Please note also, that in places such as Sao Paulo, Brazil or Medellin, Colombia and as I hear also Mexico and parts of Ecuador it is an appallingly common practice to kidnap and, under threat of death, extort your PIN and drive around with you withdrawing cash from every ATM on the way. Therefore, talk with your bank about a hidden account and a daily withdrawal limit. Because once kidnapped, you are at the complete mercy of your assailants. 

Almost needless to say in regard to kidnapping, always keep an eye on your drink no matter where you are and if you have the discipline, steer clear of shady girls and substances- after all, there are things in the world such as Burundaga, and the long-term effects of these date-rape type drugs on your memory and central nervous system are no laughing matter.

Travel Safety Advice Number Four: Keeping Large and Visible Electronics Safe

When I was doing my drone videos in South America (for real, my video of Cordoba, Argentina even got mentioned in the national “La Voz Del Interior” newspaper), I really didn’t feel like losing my drone. What I did was to look seriously hippy, keep the equipment out of sight using a super light microfiber towel as cover and to top it off I carried a very strong laser pointer and a switchblade. While I would absolutely warn against carrying weapons if you are not trained or willing to use them if bad comes to worse, the feeling of added safety calmed me a lot when I was running around the Favelas. It always helps to execute such operations during the daytime and have at least one other likewise armed and trained person as an escort (ideally a no-bullshit fighter spirit, just like you).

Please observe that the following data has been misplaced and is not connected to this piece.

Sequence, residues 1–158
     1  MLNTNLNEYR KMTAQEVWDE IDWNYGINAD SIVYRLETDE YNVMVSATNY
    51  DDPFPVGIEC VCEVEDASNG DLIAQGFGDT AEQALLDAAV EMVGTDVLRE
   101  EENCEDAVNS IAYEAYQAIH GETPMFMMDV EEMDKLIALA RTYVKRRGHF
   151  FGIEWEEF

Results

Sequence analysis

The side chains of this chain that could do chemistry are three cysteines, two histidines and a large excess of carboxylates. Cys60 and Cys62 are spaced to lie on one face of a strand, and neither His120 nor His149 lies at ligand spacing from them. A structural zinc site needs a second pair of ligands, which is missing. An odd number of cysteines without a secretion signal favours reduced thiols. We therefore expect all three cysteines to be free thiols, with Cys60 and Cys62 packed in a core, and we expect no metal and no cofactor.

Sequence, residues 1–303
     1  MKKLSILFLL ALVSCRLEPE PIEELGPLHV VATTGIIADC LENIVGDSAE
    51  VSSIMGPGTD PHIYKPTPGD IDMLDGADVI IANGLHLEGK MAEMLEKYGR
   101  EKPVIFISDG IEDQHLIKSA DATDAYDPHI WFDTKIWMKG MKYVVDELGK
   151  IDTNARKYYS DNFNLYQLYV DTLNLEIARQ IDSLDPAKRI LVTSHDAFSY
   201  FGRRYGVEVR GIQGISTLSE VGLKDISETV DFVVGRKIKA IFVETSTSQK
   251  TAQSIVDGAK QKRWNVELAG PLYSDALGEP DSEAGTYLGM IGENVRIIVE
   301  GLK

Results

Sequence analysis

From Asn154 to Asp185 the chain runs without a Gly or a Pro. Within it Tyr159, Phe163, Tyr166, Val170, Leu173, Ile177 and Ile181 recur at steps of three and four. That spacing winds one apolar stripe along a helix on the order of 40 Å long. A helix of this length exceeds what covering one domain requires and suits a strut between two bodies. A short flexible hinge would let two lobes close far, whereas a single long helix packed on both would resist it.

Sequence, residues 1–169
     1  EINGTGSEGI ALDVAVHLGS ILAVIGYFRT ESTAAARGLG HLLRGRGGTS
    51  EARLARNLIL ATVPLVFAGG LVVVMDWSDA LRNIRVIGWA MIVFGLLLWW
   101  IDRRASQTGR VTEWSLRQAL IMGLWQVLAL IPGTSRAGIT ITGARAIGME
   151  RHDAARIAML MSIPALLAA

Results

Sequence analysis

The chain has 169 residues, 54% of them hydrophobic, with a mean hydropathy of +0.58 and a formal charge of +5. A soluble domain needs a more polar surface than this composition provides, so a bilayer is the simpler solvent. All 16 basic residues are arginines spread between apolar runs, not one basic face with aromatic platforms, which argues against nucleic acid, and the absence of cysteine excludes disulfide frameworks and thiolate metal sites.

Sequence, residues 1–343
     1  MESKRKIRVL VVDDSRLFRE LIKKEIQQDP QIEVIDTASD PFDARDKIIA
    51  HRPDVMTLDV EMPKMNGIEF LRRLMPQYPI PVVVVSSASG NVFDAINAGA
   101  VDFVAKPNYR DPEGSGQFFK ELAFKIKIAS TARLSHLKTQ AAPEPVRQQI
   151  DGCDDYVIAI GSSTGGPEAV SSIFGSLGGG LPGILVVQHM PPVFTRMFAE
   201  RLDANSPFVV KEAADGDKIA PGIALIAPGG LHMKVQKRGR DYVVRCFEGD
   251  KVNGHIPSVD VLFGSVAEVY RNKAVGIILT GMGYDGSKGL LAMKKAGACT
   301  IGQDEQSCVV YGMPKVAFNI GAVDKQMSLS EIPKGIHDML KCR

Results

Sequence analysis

A quick word on the combination of the ultra strong laser pointer such as for instance the Arctic (if you have second thoughts about taking your assailant’s eyesight or about 1000+ Mw lasers being illegal in your country, alternatively use a stroboscope LED flashlight Kubaton) and a blade or blunt weapon: If you are quick enough to pull them out before it gets ugly, you will be able to defend against multiple aggressors, absolutely fuck up their day as well as set yourself up for a quick exit. Also, having a blade on you is great for eating honey melon wherever you go.

A last reminder on the topic of firearms: Nothing beats them. Plus you’ll know if your opponent pulls a real one or a dummy when it’s too later. If you’re the Chuck Norris kinda dude, I salute you and hope the odds may be forever in your favor. All others please – very slowly – hand over hopefully just your decoy valuables and get your asses home in one piece, alive to fight another day.

Conclusion: Don’t let worry eat your optimism, faith in humanity and love for adventure. Prepare, and let the weight of danger make your senses keen and sharp. Be knowledgeable of all the hundreds of different crime schemes, be it by way of violence or by way of deceit. Develop your street smartness, sometimes it will be through pain of loss. Know that it will only get rougher in the future, so keep your head up.

We’re in this together. By educating each other, training hard and giving ’em hell in moments where it’s feasible, we will contribute our share to discourage crooks of all colors from continuing their trade.

Protection be yours.

More ideas on safety or want to share your story? Write it in the comments.

Joe Goerbert is a business plan writer and marketing consultant. Born in Germany, he is living as a digital nomad since 2010 2010 and has been using travel safety techniques extensively since 2013. His favorite regions are South America and the Balkan countries. PS: A good amount of rather badass photography can be viewed at, the author’s passion project site.